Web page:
Performers at Wednesday night’s poetry slam used the medium as an opportunity to teach listeners about racial issues and civic awareness.
The event at 7th Street Underground featured five performers in all, reading either original poetry or works written by a favorite poet.
Shamerea Richards, a corporate communications major, used her poem “Chi-raq” to discuss issues surrounding her hometown of Chicago.
“Youth under 10 can’t enjoy the sounds [of] ice cream trucks, due to the young man hanging out of the sun,” Richards recited. “Crime was never the issue until the issue became crime.”
She said the “Anti Chi-raq” movement in Chicago, a protest against the “Chi-raq” term given to the city based on its alleged violent nature, gave Richards the motivation to write the poem.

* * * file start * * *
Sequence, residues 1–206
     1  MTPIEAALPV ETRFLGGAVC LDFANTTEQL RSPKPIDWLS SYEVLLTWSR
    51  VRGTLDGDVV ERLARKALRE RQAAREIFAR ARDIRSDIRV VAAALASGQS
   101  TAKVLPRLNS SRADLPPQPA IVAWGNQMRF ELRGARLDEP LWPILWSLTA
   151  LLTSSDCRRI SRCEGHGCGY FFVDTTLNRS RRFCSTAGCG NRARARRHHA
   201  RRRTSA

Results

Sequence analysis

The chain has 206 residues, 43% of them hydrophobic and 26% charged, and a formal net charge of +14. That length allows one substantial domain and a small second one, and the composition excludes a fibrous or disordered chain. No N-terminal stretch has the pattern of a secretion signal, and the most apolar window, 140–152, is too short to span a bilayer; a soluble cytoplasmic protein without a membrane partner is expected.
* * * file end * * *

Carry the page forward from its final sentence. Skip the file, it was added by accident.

“(The media) generalizes Chicago as a bad place,” Richards said. “Some parts are bad, but the city as a whole is great.”
She said the reason for heavy crime in some parts of the city is not because of race or age, but rather a cycle.
“(People involved with crime) never leave Chicago, leaving them stuck in the same cycle and doing whatever they can to make a living,” Richards said. “We need to teach our youth that history does not repeat itself … and get them to leave the city and see the outside world.”
Richards is also the president of Performing Arts for Effective Civic Education, which uses these poems, plays and other forms of art to better portray civic issues.
“When you perform the issues, you feel it,” Richards said. “Just watching it on the news does not have the same effect.”
Other performers at the event used the poetry slam to talk about personal issues, something that Zayne McCorkle, a junior English education major, said is common.
“The best poets are introverts,” McCorkle said. “Poetry allows you to express yourself with words you may not normally have.”
Nick Ruffolo can be reached at 581-2812 or [email protected]